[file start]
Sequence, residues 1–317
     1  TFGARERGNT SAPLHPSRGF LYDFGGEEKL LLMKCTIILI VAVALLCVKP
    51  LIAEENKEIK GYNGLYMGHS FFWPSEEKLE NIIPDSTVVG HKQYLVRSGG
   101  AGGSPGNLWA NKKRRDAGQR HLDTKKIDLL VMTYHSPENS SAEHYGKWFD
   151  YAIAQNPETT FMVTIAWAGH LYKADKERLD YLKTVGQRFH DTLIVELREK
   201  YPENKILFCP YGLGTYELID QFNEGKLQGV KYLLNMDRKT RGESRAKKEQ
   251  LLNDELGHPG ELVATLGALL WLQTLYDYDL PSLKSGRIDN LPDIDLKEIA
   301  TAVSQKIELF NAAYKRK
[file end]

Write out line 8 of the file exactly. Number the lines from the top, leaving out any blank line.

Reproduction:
   301  TAVSQKIELF NAAYKRK